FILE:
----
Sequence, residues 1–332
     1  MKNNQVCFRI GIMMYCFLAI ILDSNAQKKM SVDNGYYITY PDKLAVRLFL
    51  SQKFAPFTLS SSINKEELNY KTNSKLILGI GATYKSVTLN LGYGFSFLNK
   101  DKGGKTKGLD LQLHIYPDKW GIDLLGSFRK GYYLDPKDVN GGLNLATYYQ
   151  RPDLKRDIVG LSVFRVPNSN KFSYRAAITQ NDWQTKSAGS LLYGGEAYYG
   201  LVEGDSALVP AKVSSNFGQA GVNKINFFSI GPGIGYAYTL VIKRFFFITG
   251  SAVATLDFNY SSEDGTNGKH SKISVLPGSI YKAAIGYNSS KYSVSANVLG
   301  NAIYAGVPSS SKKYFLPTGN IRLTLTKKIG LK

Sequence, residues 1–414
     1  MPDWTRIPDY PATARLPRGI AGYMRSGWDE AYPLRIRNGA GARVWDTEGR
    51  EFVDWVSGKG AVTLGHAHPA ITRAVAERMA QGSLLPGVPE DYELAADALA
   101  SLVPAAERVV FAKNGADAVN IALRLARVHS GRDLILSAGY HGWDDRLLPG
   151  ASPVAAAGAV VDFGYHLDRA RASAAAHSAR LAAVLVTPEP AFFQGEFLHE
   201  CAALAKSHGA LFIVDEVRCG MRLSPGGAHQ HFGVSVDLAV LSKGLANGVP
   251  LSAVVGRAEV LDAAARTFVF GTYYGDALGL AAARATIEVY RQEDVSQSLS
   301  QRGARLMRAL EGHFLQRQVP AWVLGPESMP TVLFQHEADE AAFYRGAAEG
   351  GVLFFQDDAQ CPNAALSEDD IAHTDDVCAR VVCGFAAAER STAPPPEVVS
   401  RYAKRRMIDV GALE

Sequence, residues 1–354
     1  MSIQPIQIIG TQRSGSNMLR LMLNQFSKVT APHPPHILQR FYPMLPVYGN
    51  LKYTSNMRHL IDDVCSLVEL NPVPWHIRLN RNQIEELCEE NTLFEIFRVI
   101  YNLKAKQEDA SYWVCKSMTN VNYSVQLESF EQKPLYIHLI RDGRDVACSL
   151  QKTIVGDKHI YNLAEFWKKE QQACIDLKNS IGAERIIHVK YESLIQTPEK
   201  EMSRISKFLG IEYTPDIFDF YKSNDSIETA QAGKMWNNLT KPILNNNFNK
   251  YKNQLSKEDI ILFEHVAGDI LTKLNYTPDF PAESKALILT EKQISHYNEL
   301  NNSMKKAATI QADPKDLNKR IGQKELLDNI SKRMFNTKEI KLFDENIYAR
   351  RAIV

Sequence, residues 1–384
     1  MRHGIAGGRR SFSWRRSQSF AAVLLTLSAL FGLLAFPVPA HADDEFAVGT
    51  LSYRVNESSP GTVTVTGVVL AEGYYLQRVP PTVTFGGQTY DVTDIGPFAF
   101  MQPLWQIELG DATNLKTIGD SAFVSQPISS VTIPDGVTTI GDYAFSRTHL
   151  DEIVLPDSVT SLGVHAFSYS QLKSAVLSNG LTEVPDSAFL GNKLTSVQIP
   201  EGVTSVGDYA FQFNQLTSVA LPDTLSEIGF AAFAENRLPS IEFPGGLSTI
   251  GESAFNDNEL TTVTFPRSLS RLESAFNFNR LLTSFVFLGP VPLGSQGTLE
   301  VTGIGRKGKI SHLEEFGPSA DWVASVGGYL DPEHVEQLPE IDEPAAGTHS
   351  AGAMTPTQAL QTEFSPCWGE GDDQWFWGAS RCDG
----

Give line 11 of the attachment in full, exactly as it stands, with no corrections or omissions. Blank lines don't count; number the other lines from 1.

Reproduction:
    51  EFVDWVSGKG AVTLGHAHPA ITRAVAERMA QGSLLPGVPE DYELAADALA